Entrepreneurs taste continued success in Governor's Business Plan Contest

June 16, 2014

Scanlin and SchwartzMobCraft Beer taps the creative minds of its customers to develop interesting brews, but sometimes the suggestions it gets are so off-the-wall, the head of the company is a little skeptical.

A beer flavored with salt and grapefruit?

But as Henry Schwartz, a 2011 UW-Whitewater graduate who is MobCraft's owner and CEO, discovered, it pays to listen to your customers. 

His company is taking that philosophy to a higher level, applying a crowdsourcing model to the business of brewing. MobCraft's beers are now shipped to 36 states and recently, the brewery was named a first prize winner in the 2014 Wisconsin Governor's Business Plan Contest. 

"The notoriety is awesome," Schwartz said. "We are so excited that angel investors feel this is a good plan and believe in what we are capable of.

"It's a great validation as we continue to grow and it's one more thing that gives credibility to our name."

The contest encourages Wisconsin entrepreneurs in the seed, startup and early growth stages of their development.

Winners share more than $100,000 in cash and business services, along with priceless prestige.

MobCraft, which won the advanced manufacturing category, is just the latest venture linked to UW-Whitewater students and alumni to find success in the competitive annual event.

In 2012, Joe Scanlin and Ryan Rist, both UW-Whitewater alumni, impressed contest judges with their innovative start-ups.

Rist's company, Strategic Fishing Systems, produces mapping software for fisherman. It won first place that year in the information technology category. Scanlin's company, Scanalytics, was a finalist for its innovative solution to track customer spending behavior.

UW-Whitewater's success continued in 2013 when sophomore Mitchell Fiene was a second-place finisher for his business, which uses remote-controlled quadcopters to collect crop data.

Mitchell FieneWilliam Dougan, Irvin L. Young Professor of Entrepreneurship in the College of Business and Economics, attributes the university's wins to its capable students, culture of knowledge and acceptance of entrepreneurship as a career path.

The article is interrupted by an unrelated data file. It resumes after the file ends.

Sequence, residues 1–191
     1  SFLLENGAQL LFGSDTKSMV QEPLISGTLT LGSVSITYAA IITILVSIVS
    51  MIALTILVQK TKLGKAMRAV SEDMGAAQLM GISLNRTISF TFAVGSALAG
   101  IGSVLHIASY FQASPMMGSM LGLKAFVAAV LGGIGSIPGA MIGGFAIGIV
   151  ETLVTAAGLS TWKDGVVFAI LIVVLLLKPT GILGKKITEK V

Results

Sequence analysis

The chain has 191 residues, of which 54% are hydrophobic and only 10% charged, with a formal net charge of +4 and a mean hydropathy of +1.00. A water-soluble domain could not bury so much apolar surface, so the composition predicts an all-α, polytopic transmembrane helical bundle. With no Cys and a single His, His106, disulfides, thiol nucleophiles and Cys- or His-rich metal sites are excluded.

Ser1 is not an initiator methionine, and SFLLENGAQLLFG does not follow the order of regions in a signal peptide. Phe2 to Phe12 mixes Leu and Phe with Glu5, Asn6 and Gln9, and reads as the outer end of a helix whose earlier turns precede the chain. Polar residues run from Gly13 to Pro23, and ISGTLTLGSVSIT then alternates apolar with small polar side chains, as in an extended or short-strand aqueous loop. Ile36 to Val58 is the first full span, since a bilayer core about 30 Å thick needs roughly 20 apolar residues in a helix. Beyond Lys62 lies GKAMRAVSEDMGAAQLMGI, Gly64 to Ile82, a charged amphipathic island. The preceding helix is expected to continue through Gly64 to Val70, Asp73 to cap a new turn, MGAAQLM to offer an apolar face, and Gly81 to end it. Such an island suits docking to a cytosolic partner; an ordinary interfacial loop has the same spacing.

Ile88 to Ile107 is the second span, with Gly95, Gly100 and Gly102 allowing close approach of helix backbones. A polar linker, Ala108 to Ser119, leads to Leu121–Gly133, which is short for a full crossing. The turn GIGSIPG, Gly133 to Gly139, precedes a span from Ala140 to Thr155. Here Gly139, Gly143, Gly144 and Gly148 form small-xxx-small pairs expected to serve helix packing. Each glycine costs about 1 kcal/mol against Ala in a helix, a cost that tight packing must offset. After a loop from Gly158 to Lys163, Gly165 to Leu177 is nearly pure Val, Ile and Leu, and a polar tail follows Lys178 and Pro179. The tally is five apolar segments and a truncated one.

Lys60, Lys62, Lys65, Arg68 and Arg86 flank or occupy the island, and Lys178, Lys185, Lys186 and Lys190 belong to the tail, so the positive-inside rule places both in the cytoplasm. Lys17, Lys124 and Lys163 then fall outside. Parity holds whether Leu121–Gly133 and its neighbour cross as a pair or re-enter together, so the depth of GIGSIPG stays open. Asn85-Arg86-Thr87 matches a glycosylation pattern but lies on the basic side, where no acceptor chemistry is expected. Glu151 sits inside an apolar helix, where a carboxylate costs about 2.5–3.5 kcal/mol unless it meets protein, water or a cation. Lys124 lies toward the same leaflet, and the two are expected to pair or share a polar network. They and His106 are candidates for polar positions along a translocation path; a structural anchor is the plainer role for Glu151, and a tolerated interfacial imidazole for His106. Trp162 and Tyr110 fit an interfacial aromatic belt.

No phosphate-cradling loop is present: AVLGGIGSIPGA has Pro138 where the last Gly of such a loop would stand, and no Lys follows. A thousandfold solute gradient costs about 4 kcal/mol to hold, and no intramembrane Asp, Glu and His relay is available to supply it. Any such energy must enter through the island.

"We have leadership that understands the kind of changes that are going on and we help young entrepreneurs to get the resources they need to follow their dreams," Dougan said.

Schwartz, who graduated with a Bachelor of Business Administration degree in entrepreneurship and a bachelor's degree in Spanish, said that lessons he learned at UW-Whitewater are helping his company succeed. He said the award will provide MobCraft much-needed business support as it plans to expand to a new facility.

In the meantime, MobCraft, based in Madison, continues to develop inventive beer flavors with the help of its customers. After customers submit beer suggestions online, MobCraft measures social media buzz and places the four-most popular beers up for a vote. MobCraft then brews and ships the winner, directly to its voting customers.

Schwartz said the wining beers are invariably good, including that beer made with grapefruit and salt.

"It was awesome," he said.


Jeff Angileri

Sara Kuhl

Written by Ben Jones

Photography by Craig Schreiner

(top) Joe Scanlin of Scanalytics and Henry Schwartz of Mobcraft talk about their experiences as young entrepreneurs at the United States Association for Small Business and Entrepreneurship event at UW-Whitewater on Monday, May 5, in Timothy J. Hyland Hall.

(lower) As a sophomore, Mitchell Fiene finished in second place in the Governor's Business Plan Contest for his quadcopter and DMZ Aerial business.